(Published on December 20, 2014 in Time Out Delhi)
A hidden lake nestled in the Asola Wildlife Sanctuary is gaining popularity among nature buffs
Sprawled on one side of the pahari road connecting Faridabad and Gurgaon is the campus of Manav Rachna International University. Facing it is a muddy trail flanked by untamed bushes of thorny keekar trees. Beyond its dense foliage lies a spectacle known only to a select – a clear blue lake approximately 500 metres wide with the imposing Aravalli hills gracing its backdrop, and identified by the locals and few travel groups from Delhi as “Bhardwaj Lake”. The unforeseen emergence of a lake in the suburbs of land-locked Delhi couldn’t have gone unnoticed for long, and over the last couple of years, it is being viewed as a viable picnic and trekking spot.
Rumour has it that Bhardwaj Lake was formed as a consequence of illegal open-pit mining. Four more neighbouring lakes lay unclaimed in this region, commonly referred to as Bhatti mines. Even after the Supreme Court passed a blanket ban on illegal mining in the Aravallis (Delhi-Gurgaon stretch) in 2002, to prevent the destruction of natural forests in the area, illegal open-pit mining continued. The outcome was five pit lakes, each equally clean and stunning to gaze at. “The rocks around that area are quartzite, which means they have no porosity,” explained Naresh Chandra Pant, from the department of geology at Delhi University. “As a result, ground water collected after illegal mining and formed a lake. Certain quartzite rocks may have secondary porosity levels, so there are fractures that have allowed the water to pass through and form the adjoining lakes.”
The lakes have been around for quite some time, but it caught the attention of city adventurers only a couple of years ago. Sehba Imam, founder of Let’s Walk Gurgaon, an eclectic group of people who organise walking tours, has already made ten trips to the forest. For her, the lakeside is an ideal retreat away from the noise of the city. Vaibhav Gupta, event organiser of Backpackers Club of Delhi, echoed her sentiment. “The sheer beauty of the lakes is refreshing and soothing,” he said. “They’re spread around the Asola Wildlife sanctuary, and we encountered them during a walk tour conducted in October 2012 when as many as 65 members participated.” Owing to the ambiguous location of the lakes, its vastness, and multiple entry and exit points of the region, it is difficult to plan any activity due to security issues and non-availability of guides. One of the easier ways to approach the lakes is to walk or ride (only on regular or mountain bikes) along the gravel tracks. The stretch is roughly 4km long and has an ambience that screams wilderness.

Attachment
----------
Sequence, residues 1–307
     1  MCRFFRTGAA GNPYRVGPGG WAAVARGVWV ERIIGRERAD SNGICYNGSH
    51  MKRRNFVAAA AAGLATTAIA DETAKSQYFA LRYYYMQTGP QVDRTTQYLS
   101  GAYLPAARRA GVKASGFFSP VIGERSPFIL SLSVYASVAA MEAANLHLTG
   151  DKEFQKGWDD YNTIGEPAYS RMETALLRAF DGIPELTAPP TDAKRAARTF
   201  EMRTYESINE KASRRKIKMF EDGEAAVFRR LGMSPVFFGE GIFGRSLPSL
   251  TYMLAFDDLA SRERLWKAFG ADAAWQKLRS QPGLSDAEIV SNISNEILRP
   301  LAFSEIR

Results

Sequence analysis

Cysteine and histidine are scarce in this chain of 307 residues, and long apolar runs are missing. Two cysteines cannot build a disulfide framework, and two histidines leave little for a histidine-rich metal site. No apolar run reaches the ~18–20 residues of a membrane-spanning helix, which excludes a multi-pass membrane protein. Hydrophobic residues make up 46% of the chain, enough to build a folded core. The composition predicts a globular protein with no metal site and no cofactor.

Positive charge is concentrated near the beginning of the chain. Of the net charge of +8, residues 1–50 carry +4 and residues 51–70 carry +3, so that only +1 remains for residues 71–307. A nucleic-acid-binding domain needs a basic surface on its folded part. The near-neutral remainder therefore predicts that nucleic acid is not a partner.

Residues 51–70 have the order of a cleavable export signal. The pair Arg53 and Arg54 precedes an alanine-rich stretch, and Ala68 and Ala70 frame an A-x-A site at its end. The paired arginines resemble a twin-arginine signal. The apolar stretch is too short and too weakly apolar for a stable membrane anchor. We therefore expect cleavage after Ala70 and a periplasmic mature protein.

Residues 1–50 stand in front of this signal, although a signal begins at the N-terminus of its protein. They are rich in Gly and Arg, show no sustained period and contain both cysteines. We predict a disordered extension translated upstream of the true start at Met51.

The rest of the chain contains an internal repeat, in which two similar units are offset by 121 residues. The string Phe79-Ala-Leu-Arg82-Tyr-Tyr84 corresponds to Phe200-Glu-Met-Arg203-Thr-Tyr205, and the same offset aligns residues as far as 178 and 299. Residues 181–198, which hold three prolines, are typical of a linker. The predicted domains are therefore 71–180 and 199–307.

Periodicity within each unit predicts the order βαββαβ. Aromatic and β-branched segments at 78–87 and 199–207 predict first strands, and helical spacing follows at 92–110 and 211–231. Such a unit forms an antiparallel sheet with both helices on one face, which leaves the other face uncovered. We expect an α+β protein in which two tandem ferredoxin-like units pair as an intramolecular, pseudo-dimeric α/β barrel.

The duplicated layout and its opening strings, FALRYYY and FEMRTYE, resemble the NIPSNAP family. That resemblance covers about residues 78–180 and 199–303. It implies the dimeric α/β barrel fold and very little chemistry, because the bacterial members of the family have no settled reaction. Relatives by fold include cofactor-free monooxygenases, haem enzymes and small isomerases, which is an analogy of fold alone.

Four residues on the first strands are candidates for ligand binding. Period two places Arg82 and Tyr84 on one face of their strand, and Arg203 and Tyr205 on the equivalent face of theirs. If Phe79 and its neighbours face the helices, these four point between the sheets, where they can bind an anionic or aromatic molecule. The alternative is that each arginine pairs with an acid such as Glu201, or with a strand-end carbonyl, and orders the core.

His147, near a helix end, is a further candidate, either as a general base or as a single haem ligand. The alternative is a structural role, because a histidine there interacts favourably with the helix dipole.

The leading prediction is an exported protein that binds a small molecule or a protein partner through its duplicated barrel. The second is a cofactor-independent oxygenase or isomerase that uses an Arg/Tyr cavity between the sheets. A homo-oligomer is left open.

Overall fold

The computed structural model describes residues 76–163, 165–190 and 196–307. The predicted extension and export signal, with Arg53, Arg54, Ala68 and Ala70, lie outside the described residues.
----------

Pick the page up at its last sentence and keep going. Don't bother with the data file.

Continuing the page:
Suchita Salwan, founder of the online magazine Little Black Book Delhi, escorted a group of 35 people to the lakes earlier this year. He was introduced to this area by Archit Rakheja, a trained mountaineer and climber. “The lakes are stunning, seem very clean, and are frequented by locals,” Salwan said. “But we highly recommend that no one wanders off to this part of town on their own. It’s best to go with a large group.”
It’s true that the lakes and its adjoining area fall into the “lesser known” category of recreational destinations around Delhi. Nonetheless, with at least three travel groups having discovered the unattended pastoral beauty of the lakes, it comes as a surprise when the Geological Survey of India refuses to acknowledge the existence of Bhardwaj Lake. GSI’s report about the scientific study on illegal mining in the entire Faridabad region was presented to the government almost two decades ago. A representative of the organisation who did not wish to be named said, “Unless the lakes pose a specific threat to the environment, landform, ground water, landscape or drainage, their anonymity is harmless.”
Adventurers who have gone hiking into the jungle offer rave reviews, but the locals have a completely different story to tell. “The area is not safe at all,” said Davindar Kumar Arora, who runs a dhaba next to Manav Rachna International University. “Thugs lurk about waiting to rob people of their belongings. Eve teasing is also common.”
There are also severe ecological concerns about the place. “Currently, there is no scientific study to prove whether the lakes are permanent, as several pits have already gone dry naturally, according to Pant. “Recreational and ecological benefits of the lakes could be enhanced by re-landscaping the shoreline, but the government has to show interest.”
Surajkund Badkhal Road, Faridabad, Haryana. Nearby landmarks: Manav Rachna International University, Karni Singh Shooting Range and Asola Wildlife Sanctuary.